This week I read the first book in a trilogy entitled The Hunger Games. Written by Suzanne Collins, it is known as a dystopian novel in the young adult genre.
Same as before, I first wrote a review. My summary of the plot was brief, simply because I wanted to focus more on the writing and the characters this time around. When compared to The Fault in Our Stars, the storytelling styles are different, of course. One is very contemplative and flowery while the other is lovely but direct. Much like the main character herself, Katniss Everdeen.
Next I explored the reactions to the book online, writing a post documenting this effort, same as before. I would like to think my conclusions were a bit more succinct this time, however. Maybe because I searched more for “what the audience had to say as opposed to the scenes and romance they chose to depict in their art or posts.”
Goodreads and YouTube were especially useful when searching for these particular topics. Readers are certainly not afraid to voice their opinions on these sites, and while there were many different ones, I noticed a consistent theme throughout all my explorations. And that was an enthusiasm for Katniss Everdeen. A reviewer summarizes what exactly is admirable about her, calling her “a fascinating, quick-witted, and innovative person thrown into a horrible situation.”
With this same focus, I looked at all the sites for the movie, as well. Once again and not unexpectedly, Katniss was the main source of enthusiasm.
Not only is this character strong, resourceful, and courageous, but she also makes sacrifices for family. The only reason she ended up as a contestant in the deadly games is because she volunteered to take her little sister’s place. This must be something that everyone can relate to, as we all care about our families. I also couldn’t miss the fact that nearly all the sites I visited had quotes with “a huge image of Katniss Everdeen attached to it. Not the other characters, settings, or moments. Just this fierce girl who the story centers around.” This was just a confirmation of the theory I was beginning to form.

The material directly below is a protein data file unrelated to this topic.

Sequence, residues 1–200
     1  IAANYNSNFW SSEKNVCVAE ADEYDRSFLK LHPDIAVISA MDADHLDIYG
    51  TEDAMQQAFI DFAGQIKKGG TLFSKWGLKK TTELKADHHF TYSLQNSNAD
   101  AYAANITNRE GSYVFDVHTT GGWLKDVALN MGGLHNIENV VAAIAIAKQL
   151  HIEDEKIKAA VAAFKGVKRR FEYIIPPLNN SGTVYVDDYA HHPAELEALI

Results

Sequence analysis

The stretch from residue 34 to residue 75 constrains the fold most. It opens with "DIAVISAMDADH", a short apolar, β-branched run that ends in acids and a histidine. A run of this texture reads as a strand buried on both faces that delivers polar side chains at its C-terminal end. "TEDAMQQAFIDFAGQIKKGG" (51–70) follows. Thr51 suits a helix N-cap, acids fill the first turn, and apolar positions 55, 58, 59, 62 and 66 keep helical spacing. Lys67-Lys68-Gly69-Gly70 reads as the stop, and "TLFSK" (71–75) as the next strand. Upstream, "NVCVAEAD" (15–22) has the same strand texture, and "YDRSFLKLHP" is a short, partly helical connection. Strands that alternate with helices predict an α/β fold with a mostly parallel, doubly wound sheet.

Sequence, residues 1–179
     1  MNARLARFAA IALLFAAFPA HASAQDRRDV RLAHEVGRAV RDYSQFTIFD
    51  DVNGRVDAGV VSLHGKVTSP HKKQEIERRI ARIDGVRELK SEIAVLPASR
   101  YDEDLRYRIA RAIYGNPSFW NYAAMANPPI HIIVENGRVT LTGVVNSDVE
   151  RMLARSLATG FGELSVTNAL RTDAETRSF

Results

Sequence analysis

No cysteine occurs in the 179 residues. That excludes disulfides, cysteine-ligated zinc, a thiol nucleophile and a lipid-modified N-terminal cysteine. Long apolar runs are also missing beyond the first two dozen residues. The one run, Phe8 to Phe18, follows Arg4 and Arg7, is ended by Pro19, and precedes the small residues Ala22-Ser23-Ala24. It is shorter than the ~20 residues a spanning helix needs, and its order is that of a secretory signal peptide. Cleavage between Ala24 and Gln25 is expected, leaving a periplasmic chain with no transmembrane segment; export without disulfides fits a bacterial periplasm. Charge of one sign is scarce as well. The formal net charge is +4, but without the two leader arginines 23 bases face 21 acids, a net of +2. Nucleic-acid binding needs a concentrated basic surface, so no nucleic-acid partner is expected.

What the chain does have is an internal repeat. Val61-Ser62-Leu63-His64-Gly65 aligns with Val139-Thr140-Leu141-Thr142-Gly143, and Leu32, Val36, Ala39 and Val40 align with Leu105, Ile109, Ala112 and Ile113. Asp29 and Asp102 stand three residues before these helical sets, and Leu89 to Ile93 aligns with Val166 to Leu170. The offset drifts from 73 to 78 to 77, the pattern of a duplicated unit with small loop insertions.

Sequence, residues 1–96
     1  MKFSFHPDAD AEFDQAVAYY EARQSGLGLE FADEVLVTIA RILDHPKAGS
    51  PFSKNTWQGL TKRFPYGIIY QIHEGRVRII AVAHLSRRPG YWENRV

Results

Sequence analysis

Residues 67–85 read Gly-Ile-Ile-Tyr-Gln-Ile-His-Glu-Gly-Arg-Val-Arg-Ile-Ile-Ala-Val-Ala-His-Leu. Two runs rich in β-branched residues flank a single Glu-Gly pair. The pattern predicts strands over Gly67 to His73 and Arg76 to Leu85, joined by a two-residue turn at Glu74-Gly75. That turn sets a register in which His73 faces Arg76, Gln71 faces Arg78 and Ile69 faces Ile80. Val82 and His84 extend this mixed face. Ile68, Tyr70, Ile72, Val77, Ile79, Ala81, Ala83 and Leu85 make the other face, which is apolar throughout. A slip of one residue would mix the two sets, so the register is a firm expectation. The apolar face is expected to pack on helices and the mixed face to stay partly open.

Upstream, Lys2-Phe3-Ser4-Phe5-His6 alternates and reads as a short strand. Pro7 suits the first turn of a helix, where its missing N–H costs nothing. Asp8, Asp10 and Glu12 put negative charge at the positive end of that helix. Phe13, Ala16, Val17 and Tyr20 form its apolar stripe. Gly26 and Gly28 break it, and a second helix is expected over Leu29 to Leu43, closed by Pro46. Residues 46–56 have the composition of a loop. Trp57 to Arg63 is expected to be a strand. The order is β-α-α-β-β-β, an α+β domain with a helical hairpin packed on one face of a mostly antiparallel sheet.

However, there were also multiple comments on the world that Suzanne Collins has created. As stated in my own review, this “world is a much darker place than it is now, split into districts that each have a purpose to serve the Capitol. Coal, lumber, fish, etc. Every year the Hunger Games takes place, which is a fight to the death involving two members from each district.” This made me wonder if readers could easily see this becoming reality? Or perhaps they appreciate this unapologetic, grim depiction of war? It also caused readers to wonder whether or not they could kill a friend to stay alive, and what your life would be worth after that.
Next I delved into the author’s inspiration for the book. Interestingly, it came from watching both a reality television show and real war coverage at the same time. She also has personal experience in waiting for someone to come home from these difficult circumstances. This definitely made me think:
Nearly everyone knows what it is like to have someone they care about fighting a war… whether it’s overseas, internal, or personal. We all are thinking about survival. Especially young people, who might feel as though the smallest incidents are the end of everything. The Hunger Games is not an escape; it’s another battle to invest in, to root for, to win.
Yet even knowing this, I still felt my original conclusion was correct:
Suzanne Collins created a character that everyone can relate to and get behind. It’s different than the couple from The Fault in Our Stars. Yes, there is romance, but it’s a side plot rather than the main focus. Katniss Everdeen is about survival. She’s smart, strong, and determined. A majority of the audience reading this are teenagers. It’s a time of uncertainty and doubt, and here is someone that they can admire and try to be.
As humans, we are looking for someone to admire and model ourselves after. We want to be strong and indestructible, despite our flaws. To get back up again if we fall. Maybe it sounds overdramatic, but this is a very passionate audience and a powerful genre.
Which is why young adults aren’t the only ones reading it.